Stuff and Nonsense: around connecticut


Showing posts with label around connecticut. Show all posts
Showing posts with label around connecticut. Show all posts

3.13.2020

Elizabeth Park: Spring Greenhouse Show


Who else can't wait for the end of this exhausting, gray winter? I had some time today after therapy and decided to do a little extra self-care with a wander through the Spring Greenhouse Show at the Elizabeth Park Conservancy in West Hartford. The colors! The scents! A half hour visit left me refreshed and filled with fantasies of the bulbs I will plant in my new gardens.

Elizabeth Park Conservancy hosts this show every year and it is a simply stunning display of flowering bulbs and other seasonal blooms. This year the floral display included varieties of French hyacinths, muscari, tulips, daffodils, pansies, trellised sweet peas, culinary herbs, and hanging baskets, as well as a collection of tropical plants and succulents. The week-long display concludes with a sale of everything in the greenhouse for completely reasonable prices. Admittedly, I have yet to make it to the post-show salad, because I forget to book the time off!

What I'm saying is, the Spring Greenhouse Show is well worth a visit.

Tulip 'Foxy Foxtrot' & Narcissus 'Tahiti'

Tulip 'Spring Green' look so striking next to bold, purple hyacinths

Multiflowering Tulip 'Shogun' are an inviting mix of apricot & melon

More Tulip 'Foxy Foxtrot' with its soft ruffled petals

Leucojum aestivum 'Gravetye Giant' looks like a great mashup of Snowdrops & Lily-of-the-Valley

Lathyrus odoratus 'Watermelon' (I think), an heirloom variety from Renee's Garden

3.09.2020

An Evening With Dr. Douglas Tallamy


Recently I had the good luck to attend a presentation by Dr. Douglas Tallamy, professor in the Department of Entomology and Wildlife Ecology at the University of Delaware and the author of many publications, including the recent Nature's Best Hope: A New Approach to Conservation That Starts in Your Yard.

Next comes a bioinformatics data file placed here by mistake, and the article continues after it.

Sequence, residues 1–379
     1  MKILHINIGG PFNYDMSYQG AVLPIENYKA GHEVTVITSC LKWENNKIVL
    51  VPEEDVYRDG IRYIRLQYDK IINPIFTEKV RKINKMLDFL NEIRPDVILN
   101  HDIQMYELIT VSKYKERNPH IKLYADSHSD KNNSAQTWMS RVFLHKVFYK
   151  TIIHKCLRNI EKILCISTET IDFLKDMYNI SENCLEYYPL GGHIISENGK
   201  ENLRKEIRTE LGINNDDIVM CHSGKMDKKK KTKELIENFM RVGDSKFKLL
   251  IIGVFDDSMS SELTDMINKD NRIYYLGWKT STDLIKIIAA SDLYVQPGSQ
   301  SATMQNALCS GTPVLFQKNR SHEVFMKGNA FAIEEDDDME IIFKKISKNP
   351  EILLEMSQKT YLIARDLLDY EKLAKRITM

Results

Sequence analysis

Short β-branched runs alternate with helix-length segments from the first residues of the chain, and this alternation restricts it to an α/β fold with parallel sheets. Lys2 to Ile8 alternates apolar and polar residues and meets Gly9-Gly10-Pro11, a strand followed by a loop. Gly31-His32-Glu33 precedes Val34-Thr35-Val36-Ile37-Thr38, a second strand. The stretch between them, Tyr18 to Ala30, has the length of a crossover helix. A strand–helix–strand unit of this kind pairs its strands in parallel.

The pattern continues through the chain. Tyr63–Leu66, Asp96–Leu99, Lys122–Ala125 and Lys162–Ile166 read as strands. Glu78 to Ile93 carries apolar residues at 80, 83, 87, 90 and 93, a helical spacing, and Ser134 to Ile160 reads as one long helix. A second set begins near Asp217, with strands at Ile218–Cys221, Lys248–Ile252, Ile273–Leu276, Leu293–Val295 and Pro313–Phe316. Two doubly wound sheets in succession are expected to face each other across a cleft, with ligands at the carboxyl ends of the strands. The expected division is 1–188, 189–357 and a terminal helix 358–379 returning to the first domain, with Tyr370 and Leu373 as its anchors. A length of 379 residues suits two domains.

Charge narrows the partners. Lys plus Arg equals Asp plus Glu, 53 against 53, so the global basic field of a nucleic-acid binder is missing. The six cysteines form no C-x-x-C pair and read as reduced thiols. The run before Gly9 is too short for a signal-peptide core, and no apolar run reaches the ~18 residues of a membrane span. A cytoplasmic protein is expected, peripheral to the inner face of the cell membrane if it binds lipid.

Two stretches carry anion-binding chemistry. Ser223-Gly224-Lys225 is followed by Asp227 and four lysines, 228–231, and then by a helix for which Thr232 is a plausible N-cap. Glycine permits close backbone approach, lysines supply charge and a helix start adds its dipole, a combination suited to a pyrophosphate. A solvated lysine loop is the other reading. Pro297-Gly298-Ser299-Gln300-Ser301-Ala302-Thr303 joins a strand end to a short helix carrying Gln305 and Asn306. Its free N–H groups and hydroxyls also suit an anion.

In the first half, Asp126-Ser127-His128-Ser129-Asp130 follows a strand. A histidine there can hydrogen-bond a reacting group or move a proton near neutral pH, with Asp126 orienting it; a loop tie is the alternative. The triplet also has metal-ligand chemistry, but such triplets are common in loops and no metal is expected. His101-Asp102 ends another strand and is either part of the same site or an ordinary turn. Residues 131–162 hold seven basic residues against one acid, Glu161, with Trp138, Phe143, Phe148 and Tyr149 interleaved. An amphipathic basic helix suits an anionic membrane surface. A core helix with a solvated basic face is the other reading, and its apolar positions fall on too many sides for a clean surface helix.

Dr. Tallamy spoke about the vital need for a homegrown approach to conservation. With eighty-three percent of the land in the contiguous United States privately-owned, we must integrate native plant species into our yards, balconies, or window boxes to create conservation corridors he calls "Homegrown National Parks."

Such parks would boost the wildlife diversity in North America tremendously by making suburban lawns and gardens more productive for insects. Insects eat foliage, birds eat insects. The more delicious bugs to nom on, the more populous and healthier the birds. If we don’t increase the number and quantity of native plants in our landscape, then the populations of insects will continue to drop and that is very bad for the birds and everything else.

According to Dr. Tallamy the best plant you can add to your landscape is the oak, because they support more than five hundred species caterpillars ("bird food"). Asters and goldenrod are also strongly suggested, as they support the most species of insect herbivores and pollinators. Conveniently, asters and goldenrods are usually drought-resistant and deers avoid them.

Overall, it was a fascinating evening and I recommend getting a hold of a copy of Nature's Best Hope: A New Approach to Conservation That Starts in Your Yard.

2.23.2020

2020 Connecticut Flower & Garden Show